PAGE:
Bush makes no secret of his desire to pace himself. Indeed, one Sunday last month, Bush traveled to a retreat of House Democrats in Farmington, Pa., saying as he entered that he planned to answer a few questions, then "head home and take a nap."

A few days later, when a gunman fired shots outside the White House at 11:30 a.m. - prime time for most of the working world - Vice President Dick Cheney was in his West Wing office while the president, it turned out, was in the White House residence exercising.

Again a week ago, Bush announced at his Camp David press conference with British Prime Minister Tony Blair that he was headed straight from that event to the gym.

But the image of a president taking a snooze or clocking his mph on the treadmill while the West Wing hums with activity and the woes of the world may be misleading.

Aides, past and present, say his compact, well-rounded day is a sign of efficiency.

In meetings with Bush, for instance, participants are expected to state their opinions or proposals clearly, without "a lot of navel gazing," says McKinnon.

"I bet he gets more done in eight or 10 hours than other people do in 20," says the Bush adviser.

And the new president has engaged in enough official activity in his first weeks in office to dispel any notion of idleness.

Since becoming president, Bush has met with more than 200 members of Congress, singly and in groups, unveiled proposals on such issues as education reform and faith-based programs, journeyed to nearly a dozen states as well as Mexico, met with several foreign leaders, was host of a National Governors' Association dinner and meeting, held two news conferences, promoted his $1.6 trillion tax cut plan in a televised prime-time address to Congress, sent his budget blueprint to Capitol Hill and, of course, continued staffing his administration.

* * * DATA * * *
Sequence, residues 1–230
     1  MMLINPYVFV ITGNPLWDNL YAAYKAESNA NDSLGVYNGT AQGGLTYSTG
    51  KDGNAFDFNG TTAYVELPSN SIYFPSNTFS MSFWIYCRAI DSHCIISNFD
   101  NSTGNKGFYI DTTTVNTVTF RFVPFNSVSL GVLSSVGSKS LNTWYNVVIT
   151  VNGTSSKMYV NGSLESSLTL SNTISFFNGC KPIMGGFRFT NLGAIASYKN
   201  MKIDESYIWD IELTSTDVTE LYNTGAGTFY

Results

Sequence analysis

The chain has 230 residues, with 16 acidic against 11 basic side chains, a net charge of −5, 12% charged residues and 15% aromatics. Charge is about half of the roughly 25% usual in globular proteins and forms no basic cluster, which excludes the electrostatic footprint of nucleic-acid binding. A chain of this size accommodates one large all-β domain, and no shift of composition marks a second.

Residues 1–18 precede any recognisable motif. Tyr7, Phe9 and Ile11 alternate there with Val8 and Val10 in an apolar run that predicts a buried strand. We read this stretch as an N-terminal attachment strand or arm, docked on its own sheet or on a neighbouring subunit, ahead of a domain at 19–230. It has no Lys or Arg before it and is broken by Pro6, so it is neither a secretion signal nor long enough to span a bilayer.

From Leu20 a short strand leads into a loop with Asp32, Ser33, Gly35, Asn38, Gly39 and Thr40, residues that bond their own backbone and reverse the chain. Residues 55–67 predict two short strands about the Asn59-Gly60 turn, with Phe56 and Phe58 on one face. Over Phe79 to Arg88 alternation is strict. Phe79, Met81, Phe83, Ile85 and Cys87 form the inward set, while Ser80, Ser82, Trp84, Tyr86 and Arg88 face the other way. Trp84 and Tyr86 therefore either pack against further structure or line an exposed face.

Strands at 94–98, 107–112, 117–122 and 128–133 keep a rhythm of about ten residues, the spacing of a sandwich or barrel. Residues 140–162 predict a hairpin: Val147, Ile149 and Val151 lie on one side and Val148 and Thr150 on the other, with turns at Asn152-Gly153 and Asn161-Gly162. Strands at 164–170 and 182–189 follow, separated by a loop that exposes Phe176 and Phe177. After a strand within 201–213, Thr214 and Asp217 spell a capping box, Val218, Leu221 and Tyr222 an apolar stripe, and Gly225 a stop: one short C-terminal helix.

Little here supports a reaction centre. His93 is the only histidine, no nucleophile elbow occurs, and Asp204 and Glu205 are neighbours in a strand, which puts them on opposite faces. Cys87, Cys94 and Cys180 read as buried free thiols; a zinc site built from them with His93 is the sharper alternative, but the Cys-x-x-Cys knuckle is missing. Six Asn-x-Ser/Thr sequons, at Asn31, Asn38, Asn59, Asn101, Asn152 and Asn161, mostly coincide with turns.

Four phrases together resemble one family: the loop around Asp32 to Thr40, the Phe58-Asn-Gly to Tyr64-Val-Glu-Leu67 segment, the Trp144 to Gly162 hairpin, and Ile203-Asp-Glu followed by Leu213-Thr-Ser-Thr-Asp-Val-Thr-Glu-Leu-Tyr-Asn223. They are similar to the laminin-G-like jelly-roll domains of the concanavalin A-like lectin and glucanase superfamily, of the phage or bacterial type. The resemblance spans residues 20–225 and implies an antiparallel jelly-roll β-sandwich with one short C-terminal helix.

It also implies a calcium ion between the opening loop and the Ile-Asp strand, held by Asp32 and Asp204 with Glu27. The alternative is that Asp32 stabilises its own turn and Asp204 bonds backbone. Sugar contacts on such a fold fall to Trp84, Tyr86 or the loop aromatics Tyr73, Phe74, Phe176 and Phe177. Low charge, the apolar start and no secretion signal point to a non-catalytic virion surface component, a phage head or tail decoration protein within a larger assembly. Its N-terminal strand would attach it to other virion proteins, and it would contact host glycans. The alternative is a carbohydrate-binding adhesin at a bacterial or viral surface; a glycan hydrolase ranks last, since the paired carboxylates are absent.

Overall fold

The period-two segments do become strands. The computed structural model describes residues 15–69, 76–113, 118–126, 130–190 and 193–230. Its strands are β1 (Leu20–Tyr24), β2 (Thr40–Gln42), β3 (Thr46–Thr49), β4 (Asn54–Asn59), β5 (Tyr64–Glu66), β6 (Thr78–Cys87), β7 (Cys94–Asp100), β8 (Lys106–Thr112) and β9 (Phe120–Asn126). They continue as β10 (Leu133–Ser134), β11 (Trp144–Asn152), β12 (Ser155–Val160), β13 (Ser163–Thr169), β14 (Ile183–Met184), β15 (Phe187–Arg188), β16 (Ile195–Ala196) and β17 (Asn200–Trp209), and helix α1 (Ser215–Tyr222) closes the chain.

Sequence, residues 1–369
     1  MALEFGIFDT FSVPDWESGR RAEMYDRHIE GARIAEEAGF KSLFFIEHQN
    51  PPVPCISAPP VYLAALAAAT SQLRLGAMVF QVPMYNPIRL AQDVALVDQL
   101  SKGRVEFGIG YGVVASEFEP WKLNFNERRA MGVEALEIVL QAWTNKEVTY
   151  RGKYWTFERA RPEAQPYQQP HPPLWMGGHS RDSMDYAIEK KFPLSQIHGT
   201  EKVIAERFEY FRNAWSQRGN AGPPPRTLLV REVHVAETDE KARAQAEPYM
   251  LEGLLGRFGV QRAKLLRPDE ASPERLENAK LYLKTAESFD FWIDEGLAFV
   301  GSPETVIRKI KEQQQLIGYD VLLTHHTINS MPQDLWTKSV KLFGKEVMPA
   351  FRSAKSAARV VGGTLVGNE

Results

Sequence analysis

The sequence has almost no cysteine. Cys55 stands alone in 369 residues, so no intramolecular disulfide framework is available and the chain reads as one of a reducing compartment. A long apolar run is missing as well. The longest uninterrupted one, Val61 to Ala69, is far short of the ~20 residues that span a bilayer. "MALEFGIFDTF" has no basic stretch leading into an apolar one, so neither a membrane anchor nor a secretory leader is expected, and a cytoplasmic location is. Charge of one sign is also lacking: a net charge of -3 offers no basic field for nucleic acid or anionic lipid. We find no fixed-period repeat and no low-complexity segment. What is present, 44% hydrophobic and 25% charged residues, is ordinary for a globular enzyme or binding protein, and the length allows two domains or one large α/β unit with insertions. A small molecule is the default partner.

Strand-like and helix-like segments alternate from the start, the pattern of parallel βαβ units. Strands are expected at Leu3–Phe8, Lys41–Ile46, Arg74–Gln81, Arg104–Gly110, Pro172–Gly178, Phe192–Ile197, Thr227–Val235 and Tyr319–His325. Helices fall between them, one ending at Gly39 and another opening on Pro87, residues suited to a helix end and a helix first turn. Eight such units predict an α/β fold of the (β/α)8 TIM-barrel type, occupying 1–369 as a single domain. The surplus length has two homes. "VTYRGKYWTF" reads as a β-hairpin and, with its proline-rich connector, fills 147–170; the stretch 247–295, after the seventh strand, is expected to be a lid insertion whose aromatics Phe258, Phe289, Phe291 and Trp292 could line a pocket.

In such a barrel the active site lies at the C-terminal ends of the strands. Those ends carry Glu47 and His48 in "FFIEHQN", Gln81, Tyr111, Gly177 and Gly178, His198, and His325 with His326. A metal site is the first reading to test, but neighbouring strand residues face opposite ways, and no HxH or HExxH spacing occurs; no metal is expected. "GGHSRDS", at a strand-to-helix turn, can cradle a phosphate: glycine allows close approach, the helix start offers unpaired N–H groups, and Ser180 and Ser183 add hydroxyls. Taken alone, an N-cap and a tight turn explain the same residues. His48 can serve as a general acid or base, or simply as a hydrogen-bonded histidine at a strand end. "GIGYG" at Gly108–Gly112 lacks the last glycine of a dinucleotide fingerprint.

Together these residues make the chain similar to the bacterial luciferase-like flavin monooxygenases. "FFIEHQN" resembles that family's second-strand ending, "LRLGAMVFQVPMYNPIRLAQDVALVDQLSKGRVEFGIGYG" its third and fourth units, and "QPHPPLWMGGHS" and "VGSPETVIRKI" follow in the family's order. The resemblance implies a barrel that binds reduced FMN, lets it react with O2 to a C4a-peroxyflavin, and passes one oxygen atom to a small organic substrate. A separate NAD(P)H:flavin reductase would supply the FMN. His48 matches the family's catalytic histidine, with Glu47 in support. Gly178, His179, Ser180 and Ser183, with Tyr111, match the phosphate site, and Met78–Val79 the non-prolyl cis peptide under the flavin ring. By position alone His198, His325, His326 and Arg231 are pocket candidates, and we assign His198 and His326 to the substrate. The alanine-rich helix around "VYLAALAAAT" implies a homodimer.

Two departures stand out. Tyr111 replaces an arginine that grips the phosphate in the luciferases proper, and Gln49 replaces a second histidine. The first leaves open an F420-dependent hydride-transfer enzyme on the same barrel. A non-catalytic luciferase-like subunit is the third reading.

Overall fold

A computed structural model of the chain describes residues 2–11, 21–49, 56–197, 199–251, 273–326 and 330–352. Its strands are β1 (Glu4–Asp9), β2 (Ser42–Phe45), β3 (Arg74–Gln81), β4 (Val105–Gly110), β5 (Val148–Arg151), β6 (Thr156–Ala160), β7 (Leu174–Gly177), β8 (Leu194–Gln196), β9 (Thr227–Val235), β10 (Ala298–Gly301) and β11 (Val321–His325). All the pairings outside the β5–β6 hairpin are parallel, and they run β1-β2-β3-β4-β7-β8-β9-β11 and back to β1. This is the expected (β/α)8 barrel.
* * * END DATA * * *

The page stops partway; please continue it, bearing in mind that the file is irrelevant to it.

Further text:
But as presidents go, Bush's style appears to be more the exception than the rule in the modern political era. "Most presidents have been workaholics by nature," says Bruce Buchanan, a professor of government at the University of Texas.

Buchanan says Bush's CEO-like style of delegating heavily and keeping his own schedule tight and streamlined is reminiscent of Ronald Reagan, a defiantly 9-to-5 president who once quipped that "hard work never killed anybody, but I say, why take the chance?"

Similarly, Bush makes no apologies for his penchant for exercise and rest, and, in fact, seems to take pride in his ability to continue his usual routine.

"He's trying to convey he can ride the bicycle with no hands," says Buchanan. "That breezy self-confidence is part of the public relations."

So far, it has worked. The public seems to have accepted Bush's relatively easygoing schedule, as it did Reagan's. Buchanan believes the public will only start complaining if it begins to sense Bush is unprepared or that someone else is running the show.

Bush got away with a relatively light schedule in Texas, one that sometimes included a break for video games in the middle of the day, because there was never any major crisis that required his sustained attention, says Buchanan.